74.3 F
Davis

Davis, California

Tuesday, April 16, 2024

Where do students get their news?

Social media, Twitter main source for news

Whether in class or at home, students spend a lot of time on their phones. Because of this, social media and various news apps are a convenient place to get the news.

Kelly Lee, a fourth-year art studio and sociology double major, likes to get her news from apps such as Naver and Nate, popular search engines used in South Korea. 

“I use these apps because everyone I know uses them and I also like to read the comments,” Lee said, adding that she likes to get her news in her first language. “With these sites, I can also share my thoughts, too, if I wanted to.” 

Similarly, Liliana Valenzuela, a third-year sociology major, likes to read the comments shared at the bottom of news postings on Twitter.

“People retweet and give their opinions [on Twitter] and I like reading different perspectives,” Valenzuela said, adding that although she is subscribed to the Los Angeles Times and follows KTLA5 and ABC7 on Twitter, she doesn’t “read beyond the headlines.”  

April Melendez, a third-year communications and philosophy double major, also gets her news from Twitter and through word of mouth.

“Since we are a very liberal campus, you do hear a lot of different types of opinions,” Melendez said. “You can be just walking around campus and hear about a [current] news issue.”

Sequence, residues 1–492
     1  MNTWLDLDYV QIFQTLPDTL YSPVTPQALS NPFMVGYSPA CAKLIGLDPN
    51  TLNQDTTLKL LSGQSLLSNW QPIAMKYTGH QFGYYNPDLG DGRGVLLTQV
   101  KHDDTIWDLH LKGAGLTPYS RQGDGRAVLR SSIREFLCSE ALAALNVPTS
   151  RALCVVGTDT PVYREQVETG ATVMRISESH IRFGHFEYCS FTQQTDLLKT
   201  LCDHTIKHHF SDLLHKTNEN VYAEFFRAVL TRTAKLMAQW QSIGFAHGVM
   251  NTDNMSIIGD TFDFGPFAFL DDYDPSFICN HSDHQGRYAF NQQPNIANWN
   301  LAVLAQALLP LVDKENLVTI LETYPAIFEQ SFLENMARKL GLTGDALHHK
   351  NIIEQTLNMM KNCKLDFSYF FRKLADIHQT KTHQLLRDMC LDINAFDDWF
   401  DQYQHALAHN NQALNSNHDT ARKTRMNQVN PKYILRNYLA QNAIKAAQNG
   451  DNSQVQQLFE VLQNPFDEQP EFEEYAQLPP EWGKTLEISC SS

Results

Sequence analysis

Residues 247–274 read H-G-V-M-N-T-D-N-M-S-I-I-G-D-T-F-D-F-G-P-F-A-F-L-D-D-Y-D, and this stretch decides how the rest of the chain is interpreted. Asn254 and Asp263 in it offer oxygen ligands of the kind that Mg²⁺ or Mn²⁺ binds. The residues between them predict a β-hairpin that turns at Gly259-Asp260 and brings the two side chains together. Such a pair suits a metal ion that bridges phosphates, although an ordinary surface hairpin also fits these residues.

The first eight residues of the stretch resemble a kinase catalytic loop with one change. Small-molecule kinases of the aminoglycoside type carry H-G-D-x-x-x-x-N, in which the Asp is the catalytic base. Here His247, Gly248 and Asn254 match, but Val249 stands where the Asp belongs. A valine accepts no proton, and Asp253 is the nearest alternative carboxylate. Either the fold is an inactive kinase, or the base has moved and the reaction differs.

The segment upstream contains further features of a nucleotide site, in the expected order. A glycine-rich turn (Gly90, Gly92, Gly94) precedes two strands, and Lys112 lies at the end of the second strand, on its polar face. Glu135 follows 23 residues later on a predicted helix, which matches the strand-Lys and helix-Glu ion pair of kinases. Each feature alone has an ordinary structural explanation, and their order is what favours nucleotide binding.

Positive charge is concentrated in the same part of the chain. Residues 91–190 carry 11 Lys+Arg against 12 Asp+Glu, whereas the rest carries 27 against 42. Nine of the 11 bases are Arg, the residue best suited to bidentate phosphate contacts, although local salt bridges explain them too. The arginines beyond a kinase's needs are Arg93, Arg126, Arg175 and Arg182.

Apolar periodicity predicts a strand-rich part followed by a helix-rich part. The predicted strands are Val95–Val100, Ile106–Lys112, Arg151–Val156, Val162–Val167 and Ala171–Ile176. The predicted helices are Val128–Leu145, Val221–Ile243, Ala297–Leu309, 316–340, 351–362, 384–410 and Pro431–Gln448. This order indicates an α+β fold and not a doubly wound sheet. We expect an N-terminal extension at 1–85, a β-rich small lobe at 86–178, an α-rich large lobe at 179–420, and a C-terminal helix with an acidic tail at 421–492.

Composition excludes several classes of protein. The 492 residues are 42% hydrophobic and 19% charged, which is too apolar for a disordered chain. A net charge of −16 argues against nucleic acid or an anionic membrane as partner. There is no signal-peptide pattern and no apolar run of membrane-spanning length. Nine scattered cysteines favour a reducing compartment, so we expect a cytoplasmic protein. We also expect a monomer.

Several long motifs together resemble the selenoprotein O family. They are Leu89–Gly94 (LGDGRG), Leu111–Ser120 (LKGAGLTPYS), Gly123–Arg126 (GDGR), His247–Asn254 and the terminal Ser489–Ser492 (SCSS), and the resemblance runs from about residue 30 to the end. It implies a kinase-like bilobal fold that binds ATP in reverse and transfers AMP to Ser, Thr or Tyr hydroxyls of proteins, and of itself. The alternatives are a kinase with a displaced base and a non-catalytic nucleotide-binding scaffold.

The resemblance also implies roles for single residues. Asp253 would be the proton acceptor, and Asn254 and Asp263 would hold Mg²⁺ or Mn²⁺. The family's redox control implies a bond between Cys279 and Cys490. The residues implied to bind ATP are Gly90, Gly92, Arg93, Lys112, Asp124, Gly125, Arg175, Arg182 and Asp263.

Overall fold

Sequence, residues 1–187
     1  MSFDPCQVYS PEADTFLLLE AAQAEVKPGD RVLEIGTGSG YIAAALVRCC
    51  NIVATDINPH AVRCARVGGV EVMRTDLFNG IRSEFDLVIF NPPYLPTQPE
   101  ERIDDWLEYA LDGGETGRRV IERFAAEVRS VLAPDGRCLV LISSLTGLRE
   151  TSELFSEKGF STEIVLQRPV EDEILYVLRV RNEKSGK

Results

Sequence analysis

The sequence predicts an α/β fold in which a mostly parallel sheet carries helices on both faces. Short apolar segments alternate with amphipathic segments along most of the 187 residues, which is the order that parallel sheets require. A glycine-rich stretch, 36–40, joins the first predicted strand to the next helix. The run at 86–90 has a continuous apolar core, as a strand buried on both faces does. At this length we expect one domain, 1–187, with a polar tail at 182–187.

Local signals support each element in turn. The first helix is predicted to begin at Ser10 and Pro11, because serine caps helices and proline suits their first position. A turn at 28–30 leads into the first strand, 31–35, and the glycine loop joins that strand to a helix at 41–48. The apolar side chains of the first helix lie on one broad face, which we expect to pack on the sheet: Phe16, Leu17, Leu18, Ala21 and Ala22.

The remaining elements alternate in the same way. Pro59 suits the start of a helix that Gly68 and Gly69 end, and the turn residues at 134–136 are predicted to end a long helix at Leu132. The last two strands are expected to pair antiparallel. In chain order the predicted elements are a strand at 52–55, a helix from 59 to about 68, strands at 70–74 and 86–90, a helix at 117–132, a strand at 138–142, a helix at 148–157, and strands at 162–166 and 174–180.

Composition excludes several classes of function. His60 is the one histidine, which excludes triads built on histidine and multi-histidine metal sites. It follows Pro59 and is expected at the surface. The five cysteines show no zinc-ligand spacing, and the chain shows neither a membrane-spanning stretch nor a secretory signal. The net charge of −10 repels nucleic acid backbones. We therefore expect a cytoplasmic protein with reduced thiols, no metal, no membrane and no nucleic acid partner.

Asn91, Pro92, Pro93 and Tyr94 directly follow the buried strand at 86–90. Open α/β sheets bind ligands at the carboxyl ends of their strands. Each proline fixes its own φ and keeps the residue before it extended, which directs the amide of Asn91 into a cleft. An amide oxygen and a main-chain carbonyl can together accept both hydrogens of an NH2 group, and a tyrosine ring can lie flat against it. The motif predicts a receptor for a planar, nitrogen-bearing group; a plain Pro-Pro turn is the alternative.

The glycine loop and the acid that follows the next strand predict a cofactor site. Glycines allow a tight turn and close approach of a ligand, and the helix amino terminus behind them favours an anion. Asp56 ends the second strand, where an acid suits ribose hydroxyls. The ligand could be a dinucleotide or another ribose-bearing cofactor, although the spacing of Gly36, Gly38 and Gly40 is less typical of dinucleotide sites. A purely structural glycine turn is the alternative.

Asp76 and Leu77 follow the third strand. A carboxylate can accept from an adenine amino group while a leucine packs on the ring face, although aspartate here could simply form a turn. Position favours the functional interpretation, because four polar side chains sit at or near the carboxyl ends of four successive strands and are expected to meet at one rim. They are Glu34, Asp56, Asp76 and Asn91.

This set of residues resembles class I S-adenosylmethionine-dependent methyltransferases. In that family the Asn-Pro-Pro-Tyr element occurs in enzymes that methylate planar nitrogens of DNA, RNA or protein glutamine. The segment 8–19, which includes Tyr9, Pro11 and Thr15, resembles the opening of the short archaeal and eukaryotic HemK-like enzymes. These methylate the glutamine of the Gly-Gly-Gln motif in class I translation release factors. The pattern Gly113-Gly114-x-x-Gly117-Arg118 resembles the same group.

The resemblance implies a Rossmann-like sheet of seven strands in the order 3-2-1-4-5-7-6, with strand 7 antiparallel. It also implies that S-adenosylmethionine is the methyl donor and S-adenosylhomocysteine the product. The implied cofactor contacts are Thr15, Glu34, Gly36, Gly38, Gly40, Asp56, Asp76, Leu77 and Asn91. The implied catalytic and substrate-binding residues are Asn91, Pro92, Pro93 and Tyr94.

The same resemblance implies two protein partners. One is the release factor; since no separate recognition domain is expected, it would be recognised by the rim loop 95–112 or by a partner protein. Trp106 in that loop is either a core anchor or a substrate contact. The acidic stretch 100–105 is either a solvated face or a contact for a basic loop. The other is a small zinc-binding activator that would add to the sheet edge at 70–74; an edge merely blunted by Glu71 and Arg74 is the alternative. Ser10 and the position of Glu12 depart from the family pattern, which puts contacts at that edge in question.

Despite the ease of access to information, it can be hard for students to discern what is accurate reporting and what is not. 

“I don’t know myself how to differentiate between which news platforms are credible or biased or even right-wing,” Melendez said. Because she engages with more left-leaning users and accounts, most of what she sees on her timeline aligns with her views, making it difficult to know what information is not biased. 

Vanessa Pinal, a third-year sociology major, also gets her news from Twitter but looks further into subjects that pertain to her major. 

“Lately I’ve been seeing a lot of posts of teen trafficking, sex-trafficking and posts where little kids have been killed because of a parent,” Pinal said. “I read a lot of those because they kind of correspond to what I am learning in my sociology classes. Because I am a sociology major, maybe that’s why they interest me more.” 

The news that speaks most to students might be the news that relates to areas of interest and subjects they study or news that directly impacts them — such as events affecting their hometowns. Sabina Kabra, a fourth-year genetics and psychology double major, looks for news that could affect her personal life. 

“I look more into [headlines] when I know it’s something that’s going to affect me or something that I care about,” Kabra said. “On Facebook, I do see a lot of news about Davis or UC Davis, so I usually look into that to see if it’s something that will affect me like are classes gonna be cancelled or are roads blocked?”

Written by: Gabriela Hernandez arts@theaggie.org 

LEAVE A REPLY

Please enter your comment!
Please enter your name here